Clemens v. McNamee: Who’s Lying?
In the last three weeks, the media has been awash in stories about China—virtually all negative.
China seems powerless to put a positive spin on anything. As the Beijing Olympics approach, the media spotlight will shine brighter on China and stories will proliferate.
Business people should follow coverage of China and watch firsthand the utter failure of PR and reputation management.
The challenge: put yourself in the shoes of the Chinese authorities and figure out how to convert PR disasters into opportunities. Or is putting lipstick on the pig the best anyone could do?
For example, check out the stories below—including Stephen Spielberg’s resignation as Olympic artistic director (Feb. 12), Beijing’s ham-handed response (Feb. 14) and how the Chinese media (with Beijing’s blessing) piled on to humiliate Spielberg (Feb. 18). How would you have responded?
* Three firms indicted over Chinese poison pet food exports. –The Wall Street Journal, February 7, 2008: http://online.wsj.com/article/SB120233065073748531.html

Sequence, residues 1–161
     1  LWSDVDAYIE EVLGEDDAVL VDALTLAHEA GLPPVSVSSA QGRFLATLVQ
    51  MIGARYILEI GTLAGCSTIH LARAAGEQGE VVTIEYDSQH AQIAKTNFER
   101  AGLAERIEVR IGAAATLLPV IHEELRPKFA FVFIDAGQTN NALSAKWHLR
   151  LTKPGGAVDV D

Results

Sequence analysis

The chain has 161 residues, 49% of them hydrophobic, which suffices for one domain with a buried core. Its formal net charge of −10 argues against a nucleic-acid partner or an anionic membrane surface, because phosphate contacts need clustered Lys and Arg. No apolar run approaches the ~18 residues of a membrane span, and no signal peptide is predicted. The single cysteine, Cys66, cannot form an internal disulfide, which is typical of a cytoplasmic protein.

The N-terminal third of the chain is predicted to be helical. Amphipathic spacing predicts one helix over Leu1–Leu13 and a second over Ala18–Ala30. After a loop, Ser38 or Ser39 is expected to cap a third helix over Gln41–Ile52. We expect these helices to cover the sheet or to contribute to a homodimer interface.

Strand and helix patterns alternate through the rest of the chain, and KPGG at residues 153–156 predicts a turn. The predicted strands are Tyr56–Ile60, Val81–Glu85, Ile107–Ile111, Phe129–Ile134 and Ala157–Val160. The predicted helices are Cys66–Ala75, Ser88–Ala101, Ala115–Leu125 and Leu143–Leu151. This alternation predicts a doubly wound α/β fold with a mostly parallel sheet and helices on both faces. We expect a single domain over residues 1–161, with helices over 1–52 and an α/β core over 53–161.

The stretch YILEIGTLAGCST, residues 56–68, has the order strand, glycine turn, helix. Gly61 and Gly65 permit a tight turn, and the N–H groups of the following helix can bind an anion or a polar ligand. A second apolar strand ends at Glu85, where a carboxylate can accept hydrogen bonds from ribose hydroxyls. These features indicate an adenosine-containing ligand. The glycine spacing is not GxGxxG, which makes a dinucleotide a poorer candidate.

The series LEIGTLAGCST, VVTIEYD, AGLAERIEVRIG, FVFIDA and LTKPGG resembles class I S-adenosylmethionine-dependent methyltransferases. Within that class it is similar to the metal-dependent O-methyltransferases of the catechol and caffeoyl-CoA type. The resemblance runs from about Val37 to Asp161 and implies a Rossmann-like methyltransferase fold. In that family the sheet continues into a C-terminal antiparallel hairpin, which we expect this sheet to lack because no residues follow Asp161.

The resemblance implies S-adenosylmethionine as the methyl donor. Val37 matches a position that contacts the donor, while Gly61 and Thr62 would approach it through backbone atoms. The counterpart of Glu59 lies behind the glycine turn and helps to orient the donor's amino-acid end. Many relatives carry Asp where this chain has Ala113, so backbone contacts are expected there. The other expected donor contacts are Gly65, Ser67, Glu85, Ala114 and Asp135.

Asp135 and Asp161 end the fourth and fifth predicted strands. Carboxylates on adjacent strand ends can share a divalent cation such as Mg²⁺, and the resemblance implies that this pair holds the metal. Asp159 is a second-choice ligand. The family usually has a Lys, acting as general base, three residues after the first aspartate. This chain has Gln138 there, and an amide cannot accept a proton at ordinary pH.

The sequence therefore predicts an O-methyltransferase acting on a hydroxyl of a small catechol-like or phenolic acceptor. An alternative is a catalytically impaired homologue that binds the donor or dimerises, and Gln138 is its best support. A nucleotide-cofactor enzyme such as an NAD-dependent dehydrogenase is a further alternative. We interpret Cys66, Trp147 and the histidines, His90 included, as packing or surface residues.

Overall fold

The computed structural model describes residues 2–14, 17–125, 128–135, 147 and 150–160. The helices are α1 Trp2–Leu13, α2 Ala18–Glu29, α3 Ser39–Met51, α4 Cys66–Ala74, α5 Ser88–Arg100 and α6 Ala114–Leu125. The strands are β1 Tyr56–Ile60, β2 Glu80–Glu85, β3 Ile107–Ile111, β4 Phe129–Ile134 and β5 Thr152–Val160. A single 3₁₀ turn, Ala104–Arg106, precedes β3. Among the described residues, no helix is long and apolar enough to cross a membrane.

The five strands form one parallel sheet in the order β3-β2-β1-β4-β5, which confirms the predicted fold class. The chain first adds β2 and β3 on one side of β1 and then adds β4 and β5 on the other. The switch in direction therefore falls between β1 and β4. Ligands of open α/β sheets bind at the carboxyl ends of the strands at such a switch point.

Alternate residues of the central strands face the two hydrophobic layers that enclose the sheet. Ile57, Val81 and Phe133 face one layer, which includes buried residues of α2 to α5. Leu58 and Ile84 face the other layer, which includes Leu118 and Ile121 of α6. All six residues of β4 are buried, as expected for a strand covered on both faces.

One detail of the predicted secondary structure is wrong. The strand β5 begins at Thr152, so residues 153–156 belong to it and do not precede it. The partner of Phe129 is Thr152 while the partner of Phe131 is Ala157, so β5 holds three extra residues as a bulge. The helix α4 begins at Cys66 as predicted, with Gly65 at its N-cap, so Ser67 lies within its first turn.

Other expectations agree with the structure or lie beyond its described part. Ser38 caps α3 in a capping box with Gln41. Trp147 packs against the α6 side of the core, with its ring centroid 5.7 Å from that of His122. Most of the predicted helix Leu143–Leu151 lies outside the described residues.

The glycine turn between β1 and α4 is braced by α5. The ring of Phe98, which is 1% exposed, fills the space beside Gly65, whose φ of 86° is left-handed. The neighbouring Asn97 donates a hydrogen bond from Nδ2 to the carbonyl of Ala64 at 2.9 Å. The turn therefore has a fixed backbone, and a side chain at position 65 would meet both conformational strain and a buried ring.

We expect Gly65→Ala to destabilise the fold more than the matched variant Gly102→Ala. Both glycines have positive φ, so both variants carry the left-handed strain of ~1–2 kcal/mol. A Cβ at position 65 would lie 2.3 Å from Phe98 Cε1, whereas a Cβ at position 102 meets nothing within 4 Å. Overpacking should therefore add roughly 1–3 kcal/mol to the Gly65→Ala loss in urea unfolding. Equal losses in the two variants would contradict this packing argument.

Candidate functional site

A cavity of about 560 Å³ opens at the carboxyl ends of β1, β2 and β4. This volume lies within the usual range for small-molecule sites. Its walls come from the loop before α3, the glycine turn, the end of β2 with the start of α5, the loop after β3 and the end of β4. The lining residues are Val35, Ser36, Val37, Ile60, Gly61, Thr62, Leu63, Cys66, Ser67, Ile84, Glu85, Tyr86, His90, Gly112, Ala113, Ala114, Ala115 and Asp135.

* Disposable chopsticks destroying Chinese forests. —The Wall Street Journal Online, February 8, 2008: http://online.wsj.com/article/SB120243065514952215.html
* Chinese chicken and meats are so full of steroids and illegal veterinary drugs that the U.S. Olympic Committee will ship 25,000 pounds of lean protein to the Olympic training center to feed the 600 American athletes. —The New York Times, February 9, 2008: http://tinyurl.com/25zfa9
* The British Olympic Committee has been forced by China to require that its athletes sign a contract promising not to speak out about China’s human rights record, or face banishment from the Beijing Games. – The Times (UK), February 10, 2008: http://tinyurl.com/yu3epz
* China, long an exporter of coal, is using so much coal that it’s now importing it, driving the price up worldwide. —The Wall Street Journal, February 12, 2008: http://online.wsj.com/article/SB120275985736359763.html
* Stephen Spielberg resigns as Olympic artistic advisor to protest China’s involvement in the Darfur crisis that has left 200,000 dead and 2.3 million homeless. —The New York Times, February 13, 2008: http://tinyurl.com/2x2ug9